New book and New Year’s resolutions

OK, OK, I know: it’s a little late to be writing a blog post about my new year’s resolutions.  I mean, it’s January 4, for goodness sake!  I do, however, have my excuses.  One, I have just returned from a lovely trip to New Orleans, where I celebrated the New Year and watched the Cincinnati Bearcats lose horribly to Florida in the Sugar Bowl.  We returned Saturday evening, and the closest I came to my computer was while I was staggering off to bed after the 14-hour drive.  Yesterday, it was back to work for me, with bed coming early at 10 p.m.  Today is, therefore, my first real “day off” in nearly two weeks (Christmas Eve and Christmas doesn’t count, considering the stress of forced interaction with one’s family).

And second, my new year’s resolution didn’t officially begin until today anyway.  That is because in the last days of 2009, I purchased The Intellectual Devotional by David Kidder and Noah Oppenheim.  It’s subtitle reads: “Revive Your Mind, Complete Your Education, and Roam Confidently with the Cultured Class”–definitely one new year’s resolution I can get behind.  You see, I’m awfully bad at making and keeping new year’s resolutions.  Lacking serious willpower, I’ve skipped making resolutions over the years, knowing there’s no way I’d be able to keep them.  Does this make me a cynic?  Yes.  Does this make a realist?  Also, yes.

However, for about 8 years or so, I have made it my goal to educate myself as much as humanly possible.  It began in high school, when I started reading literary classics outside of English class just so I could say I’d read them.   The first book in this quest was The Red Badge of Courage, and while I haven’t yet had to bring up Stephan Crane’s classic in conversation, you never know when the chance might arise.  Now, my reading habits are also linked to my insane love of literature, as well as a general dissatisfation with reading lists in the English curriculum.  Educating myself outside of literature, therefore, was going to be a problem.  I took a wide variety of classes in college, but alas, classes for my majors consumed my life junior and senior year.  I visit museums whenever possible, but one can only do so many extracurricular activities, depending on geographical limitations.  Plus, if one knows nothing about the opera, where do I even start learning the basics?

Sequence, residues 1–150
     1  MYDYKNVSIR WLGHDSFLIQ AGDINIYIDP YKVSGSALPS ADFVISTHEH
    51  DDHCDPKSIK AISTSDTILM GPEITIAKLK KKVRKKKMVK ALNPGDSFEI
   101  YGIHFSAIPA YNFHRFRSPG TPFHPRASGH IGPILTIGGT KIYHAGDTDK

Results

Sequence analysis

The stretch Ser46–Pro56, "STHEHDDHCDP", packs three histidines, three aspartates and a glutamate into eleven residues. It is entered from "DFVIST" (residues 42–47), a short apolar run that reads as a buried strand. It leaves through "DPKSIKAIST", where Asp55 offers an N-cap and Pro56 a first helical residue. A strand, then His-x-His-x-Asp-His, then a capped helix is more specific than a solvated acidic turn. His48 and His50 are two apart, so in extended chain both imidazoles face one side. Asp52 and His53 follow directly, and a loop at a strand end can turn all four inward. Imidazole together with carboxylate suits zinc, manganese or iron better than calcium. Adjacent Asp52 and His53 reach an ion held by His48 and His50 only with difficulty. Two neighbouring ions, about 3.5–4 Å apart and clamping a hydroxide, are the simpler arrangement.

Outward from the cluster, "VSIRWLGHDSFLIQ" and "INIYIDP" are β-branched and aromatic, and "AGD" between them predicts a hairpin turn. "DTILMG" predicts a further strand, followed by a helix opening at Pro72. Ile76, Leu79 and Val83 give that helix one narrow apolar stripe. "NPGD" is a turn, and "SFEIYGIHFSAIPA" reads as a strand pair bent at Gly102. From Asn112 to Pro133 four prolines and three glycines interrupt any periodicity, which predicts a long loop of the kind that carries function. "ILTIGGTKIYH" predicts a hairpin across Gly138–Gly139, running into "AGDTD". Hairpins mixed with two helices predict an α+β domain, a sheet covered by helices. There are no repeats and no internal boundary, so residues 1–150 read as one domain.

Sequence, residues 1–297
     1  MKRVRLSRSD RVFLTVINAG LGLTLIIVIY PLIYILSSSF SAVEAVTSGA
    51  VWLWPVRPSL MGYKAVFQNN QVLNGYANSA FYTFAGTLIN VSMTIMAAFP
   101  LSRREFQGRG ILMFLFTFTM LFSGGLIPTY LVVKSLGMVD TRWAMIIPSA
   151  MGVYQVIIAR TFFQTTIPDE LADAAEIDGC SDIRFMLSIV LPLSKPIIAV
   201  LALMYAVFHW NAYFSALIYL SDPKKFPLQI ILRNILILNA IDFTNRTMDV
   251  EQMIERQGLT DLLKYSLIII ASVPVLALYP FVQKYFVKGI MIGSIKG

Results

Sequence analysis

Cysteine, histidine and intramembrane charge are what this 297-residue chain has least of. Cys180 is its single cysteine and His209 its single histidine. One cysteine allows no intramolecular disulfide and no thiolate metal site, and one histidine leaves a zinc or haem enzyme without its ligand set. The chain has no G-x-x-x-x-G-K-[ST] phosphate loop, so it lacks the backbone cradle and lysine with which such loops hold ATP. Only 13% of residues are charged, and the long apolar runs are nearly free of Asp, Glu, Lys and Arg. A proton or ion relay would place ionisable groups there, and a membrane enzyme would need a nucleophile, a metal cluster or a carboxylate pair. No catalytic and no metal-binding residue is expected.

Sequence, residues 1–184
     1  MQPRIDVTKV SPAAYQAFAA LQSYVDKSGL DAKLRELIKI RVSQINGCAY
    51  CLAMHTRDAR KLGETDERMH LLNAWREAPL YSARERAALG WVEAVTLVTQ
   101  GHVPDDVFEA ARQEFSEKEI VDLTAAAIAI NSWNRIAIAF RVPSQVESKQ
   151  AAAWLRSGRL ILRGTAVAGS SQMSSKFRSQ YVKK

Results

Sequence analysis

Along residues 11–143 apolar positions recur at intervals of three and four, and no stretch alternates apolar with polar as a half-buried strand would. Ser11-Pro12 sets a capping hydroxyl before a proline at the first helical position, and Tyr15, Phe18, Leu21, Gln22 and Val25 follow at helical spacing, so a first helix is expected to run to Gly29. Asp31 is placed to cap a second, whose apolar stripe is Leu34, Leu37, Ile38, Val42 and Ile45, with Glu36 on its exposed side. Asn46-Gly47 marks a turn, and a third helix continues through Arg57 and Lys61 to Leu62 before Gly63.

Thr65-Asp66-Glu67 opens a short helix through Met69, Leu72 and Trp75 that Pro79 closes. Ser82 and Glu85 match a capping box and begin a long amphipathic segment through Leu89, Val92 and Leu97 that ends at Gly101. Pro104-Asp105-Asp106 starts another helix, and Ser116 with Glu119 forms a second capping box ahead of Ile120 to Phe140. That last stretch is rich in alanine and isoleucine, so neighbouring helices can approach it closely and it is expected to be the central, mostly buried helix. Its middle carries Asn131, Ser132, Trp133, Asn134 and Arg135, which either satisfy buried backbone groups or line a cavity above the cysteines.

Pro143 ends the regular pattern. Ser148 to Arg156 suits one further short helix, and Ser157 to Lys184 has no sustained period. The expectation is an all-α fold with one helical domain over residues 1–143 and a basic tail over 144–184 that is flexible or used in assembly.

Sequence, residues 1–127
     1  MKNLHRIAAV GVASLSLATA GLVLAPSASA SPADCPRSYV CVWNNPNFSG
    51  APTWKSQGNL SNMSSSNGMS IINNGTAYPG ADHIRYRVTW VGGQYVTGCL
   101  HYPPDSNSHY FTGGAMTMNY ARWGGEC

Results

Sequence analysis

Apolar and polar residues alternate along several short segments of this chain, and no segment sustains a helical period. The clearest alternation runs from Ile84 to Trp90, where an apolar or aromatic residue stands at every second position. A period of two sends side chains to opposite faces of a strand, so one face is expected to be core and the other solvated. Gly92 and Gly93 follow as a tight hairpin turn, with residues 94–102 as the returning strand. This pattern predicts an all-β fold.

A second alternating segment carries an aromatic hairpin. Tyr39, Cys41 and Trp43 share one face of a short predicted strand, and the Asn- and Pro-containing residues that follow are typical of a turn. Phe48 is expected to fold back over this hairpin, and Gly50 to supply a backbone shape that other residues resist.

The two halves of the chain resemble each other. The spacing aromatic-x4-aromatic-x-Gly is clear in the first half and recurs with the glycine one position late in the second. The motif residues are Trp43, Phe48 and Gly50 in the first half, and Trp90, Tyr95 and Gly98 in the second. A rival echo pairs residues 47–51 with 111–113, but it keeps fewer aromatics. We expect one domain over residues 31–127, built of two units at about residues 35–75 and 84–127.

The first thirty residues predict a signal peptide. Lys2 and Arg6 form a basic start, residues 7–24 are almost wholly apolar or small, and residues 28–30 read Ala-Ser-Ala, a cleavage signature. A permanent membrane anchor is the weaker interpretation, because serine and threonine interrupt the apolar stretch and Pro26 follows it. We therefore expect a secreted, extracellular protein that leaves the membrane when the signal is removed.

That’s where I hope The Intellectual Devotional will come in.  Every day culls lessons from various branches of  knowledge, from the visual arts, to science, to literature.  Everyday’s reading is only a page long, and so should fit in perfectly with my morning routine (it’s sitting next to Garrison Keillor’s Good Poems and a book of crosswords I received for Christmas…all excellent means of stimulating your mind first thing in the morning).

Now, I’ve been a little lax on my poetry reading lately (again, I blame Christmas and New Orleans), but I really hope to keep up with The Intellectual Devotional.  I stumbled across it while running the reference section at HPB (despite its stodgy name, you can find some great stuff in there), and couldn’t put it down.  Even if it’s not the Columbia classics course, I think it could be really beneficial and maybe teach me something I’ll remember.  If anything, I’ll feel better about myself, and isn’t that the only thing that’s important?

NOTE:  As alluded to earlier, the reason I began The Intellectual Devotional today instead of last Friday was because its “Day 1” is a Monday.  I wanted to keep up with the day-appropriate themes, and so started reading today.

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